Rei had again, the very same day, found himself at the familiar Heathrow Airport. It had given him a funny feeling, lurking in his gut as he couldn't really put a finger on it. He guessed mostly it was fear, but there was something more to it as well. Perhaps, if he dared think it, it had been suspense. After all, the city held a lot of memories, both good and bad.
Taking a cab to his hotel, Rei was unpleasantly surprised. There, just a few steps away from him, something grey and mean had been walking. He recognized the back of the head as easily as if it had been tattooed into his retina. After all, the owner of it had been constantly muttering in his head for months.
Rei's first instinct had been to run away from there as fast as he could. But surprising himself, he had pushed the feeling aside. Instead he'd taken his bags, paid the driver and before he realized what the hell he was doing, run up to Boris. He was almost a little afraid that the Russian wouldn't recognize him at first, but as soon as their eyes met something familiar flashed through the grey.
Then they had stood there, staring. It hadn't been an awkward silence entirely, because deep down he guessed both of them were just glad that they didn't have to say anything. Both unsure of what was the best first word to utter, they had stared a little while longer until Rei finally said 'hey'. Boris had nodded, frowning but still not looking hostile enough to make Rei turn on his heels.
Then Boris had asked him what he was doing there. Rei wasn't entirely sure of that himself. But he answered with the main reason, mainly that he was going to hold some seminars in town. Boris hadn't asked why this town, of all the cities in the world. He hadn't said anything, just nodded, grunting somewhat to show he understood.
Not that he did. But Rei didn't entirely understand it himself so it was alright.
Then they had said goodbye and parted, Rei leaving Boris somewhat dumbstruck on the sidewalk. The first thing the Russian had done when he had gotten out of his haze, was calling Yuriy to threaten his life because he knew, he just felt it in the deepest core of his being, that somehow, in some way, the redhead was responsible for everything.
Yuriy just told him to grow up and hung up the phone.
Two weeks passed before Rei met Boris again. Their second encounter was just after the Tiger had introduced himself to the boss of the building where the seminars would be held, bumping into each other in the last place Rei ever thought he would find the Russian. That being the grocery store just around the corner of where the liquor store was. Rei had been a little anxious, since he didn't want to look at the Russian's bag to see if it contained bottles.
To his shameful surprise though, Boris had been holding a plastic bag from a clothing store. When they met each other in the register, Rei couldn't help but being proud when he noticed all liquid Boris bought was some milk and grapefruit juice. Rei had put his own groceries on the band, smiling a tired little smile at him. Boris had nodded, feeling unpleasant being so close to the other again. He wasn't sure just how to feel.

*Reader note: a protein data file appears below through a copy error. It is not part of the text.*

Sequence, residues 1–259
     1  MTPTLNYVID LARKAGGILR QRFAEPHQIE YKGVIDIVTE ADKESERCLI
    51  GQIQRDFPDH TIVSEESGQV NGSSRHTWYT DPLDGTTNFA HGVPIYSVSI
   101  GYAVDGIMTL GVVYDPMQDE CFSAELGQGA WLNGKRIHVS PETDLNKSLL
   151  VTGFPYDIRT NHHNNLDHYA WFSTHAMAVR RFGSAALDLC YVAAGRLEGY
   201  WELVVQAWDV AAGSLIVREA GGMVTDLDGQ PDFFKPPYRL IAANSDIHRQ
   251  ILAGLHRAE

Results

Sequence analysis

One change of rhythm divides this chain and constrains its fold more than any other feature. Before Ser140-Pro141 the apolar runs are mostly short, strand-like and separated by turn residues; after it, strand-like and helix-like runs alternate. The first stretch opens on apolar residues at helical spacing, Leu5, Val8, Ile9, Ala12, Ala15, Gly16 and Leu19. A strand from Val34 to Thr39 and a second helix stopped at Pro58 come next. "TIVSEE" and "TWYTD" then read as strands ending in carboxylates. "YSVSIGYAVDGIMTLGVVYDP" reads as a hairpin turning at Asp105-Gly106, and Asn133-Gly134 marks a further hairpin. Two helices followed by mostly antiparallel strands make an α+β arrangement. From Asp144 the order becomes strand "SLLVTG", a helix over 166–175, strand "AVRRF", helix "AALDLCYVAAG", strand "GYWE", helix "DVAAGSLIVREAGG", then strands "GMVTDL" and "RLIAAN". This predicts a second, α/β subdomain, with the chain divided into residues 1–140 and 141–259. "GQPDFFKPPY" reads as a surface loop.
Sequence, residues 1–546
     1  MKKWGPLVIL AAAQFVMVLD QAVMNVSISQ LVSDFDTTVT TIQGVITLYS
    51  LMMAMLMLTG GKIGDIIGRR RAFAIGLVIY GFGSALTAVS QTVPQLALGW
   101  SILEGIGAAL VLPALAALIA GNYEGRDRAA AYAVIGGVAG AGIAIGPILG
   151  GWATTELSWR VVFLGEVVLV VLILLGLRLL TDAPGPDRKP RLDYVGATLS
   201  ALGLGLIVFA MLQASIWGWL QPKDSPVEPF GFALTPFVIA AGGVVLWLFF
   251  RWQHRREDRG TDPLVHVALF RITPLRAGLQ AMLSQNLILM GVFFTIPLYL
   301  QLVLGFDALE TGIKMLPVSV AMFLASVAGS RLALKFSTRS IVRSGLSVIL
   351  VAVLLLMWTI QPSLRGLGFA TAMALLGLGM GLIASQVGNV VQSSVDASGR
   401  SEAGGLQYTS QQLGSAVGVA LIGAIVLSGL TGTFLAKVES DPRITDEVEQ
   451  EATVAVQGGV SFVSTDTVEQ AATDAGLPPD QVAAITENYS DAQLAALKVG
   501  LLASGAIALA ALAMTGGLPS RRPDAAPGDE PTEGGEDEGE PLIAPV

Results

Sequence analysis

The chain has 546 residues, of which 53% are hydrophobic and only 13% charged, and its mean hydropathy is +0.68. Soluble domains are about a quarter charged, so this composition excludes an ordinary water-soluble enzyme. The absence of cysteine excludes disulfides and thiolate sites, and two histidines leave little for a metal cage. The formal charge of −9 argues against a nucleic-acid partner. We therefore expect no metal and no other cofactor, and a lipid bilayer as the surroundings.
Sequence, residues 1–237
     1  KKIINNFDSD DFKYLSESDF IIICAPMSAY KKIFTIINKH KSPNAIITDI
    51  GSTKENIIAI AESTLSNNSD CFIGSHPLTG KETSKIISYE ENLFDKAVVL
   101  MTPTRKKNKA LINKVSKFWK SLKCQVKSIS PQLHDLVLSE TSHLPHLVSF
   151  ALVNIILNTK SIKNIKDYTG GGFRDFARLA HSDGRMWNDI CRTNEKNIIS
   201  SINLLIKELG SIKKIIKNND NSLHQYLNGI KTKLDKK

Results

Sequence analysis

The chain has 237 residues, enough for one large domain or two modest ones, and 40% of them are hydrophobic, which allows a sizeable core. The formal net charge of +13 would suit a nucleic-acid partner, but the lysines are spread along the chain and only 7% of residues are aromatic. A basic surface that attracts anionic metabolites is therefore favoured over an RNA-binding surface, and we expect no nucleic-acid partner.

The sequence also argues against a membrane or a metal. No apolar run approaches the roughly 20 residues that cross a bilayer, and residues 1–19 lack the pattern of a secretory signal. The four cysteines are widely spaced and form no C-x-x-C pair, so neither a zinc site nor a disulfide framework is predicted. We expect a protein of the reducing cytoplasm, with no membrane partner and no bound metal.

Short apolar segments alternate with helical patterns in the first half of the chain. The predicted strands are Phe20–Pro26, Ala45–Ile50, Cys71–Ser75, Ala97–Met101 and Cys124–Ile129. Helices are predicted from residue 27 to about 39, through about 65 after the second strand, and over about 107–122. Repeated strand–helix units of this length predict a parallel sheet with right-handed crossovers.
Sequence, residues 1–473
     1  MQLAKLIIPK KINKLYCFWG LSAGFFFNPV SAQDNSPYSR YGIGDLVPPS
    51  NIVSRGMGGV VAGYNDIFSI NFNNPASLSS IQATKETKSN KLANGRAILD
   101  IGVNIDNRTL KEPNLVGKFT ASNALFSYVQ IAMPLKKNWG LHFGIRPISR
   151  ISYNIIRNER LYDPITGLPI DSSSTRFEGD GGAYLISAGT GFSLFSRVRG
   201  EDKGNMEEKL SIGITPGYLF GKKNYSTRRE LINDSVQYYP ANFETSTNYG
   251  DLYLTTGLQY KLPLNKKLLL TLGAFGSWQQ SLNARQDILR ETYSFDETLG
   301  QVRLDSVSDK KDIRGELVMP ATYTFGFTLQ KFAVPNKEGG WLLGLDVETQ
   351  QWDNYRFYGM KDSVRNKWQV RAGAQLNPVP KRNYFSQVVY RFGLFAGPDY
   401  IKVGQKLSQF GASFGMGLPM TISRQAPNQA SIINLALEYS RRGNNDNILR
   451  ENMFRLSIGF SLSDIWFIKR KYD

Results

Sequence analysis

He had been beating himself up enough to go around since the operation. The scar above his liver a constant reminder of how he had fucked everything up, scorning him for the asshole and idiot he was. He had been angry, mostly at himself, to the point of wrecking his apartment twice a week. No matter how much it made him want to go Hulk on the entire country, he had swallowed his repulsive tasting pride and thrown every bottle and beer can out his window.
It took him a day before he had bought new ones. But he didn't get further than five drinks, before the fury kicked back in, yanking him by the collar like the furious mother he had never had. And so the rage made him throw it all out the window again. This time he injured someone who was just passing by. And so this procedure, this sick and deranged ritual he had invented went on for another month before Boris' mind, and his wallet, finally had enough.
The look on James' face when he showed up at the AA again was priceless. Boris had sat down in the circle, glaring hatefully at everyone that dared look at him, and kept silent. Sure, a few crude remarks always slipped through his lips, making someone cry or throw a raging tantrum. But he was human after all. Besides, it was making the meetings more fun. If he was lucky, maybe James would go insane.
But his pitiful little act of redemption hadn't been much to brag about when Yuriy knocked on his newly replaced door one morning. Throwing his bags on Boris the Wolf had waltzed into the apartment, wolfed down the fridge and moved in. No matter how many times Boris tried, he was just impossible to get rid of. And once again the fury kicked him in the crotch, sending him to the bar once more.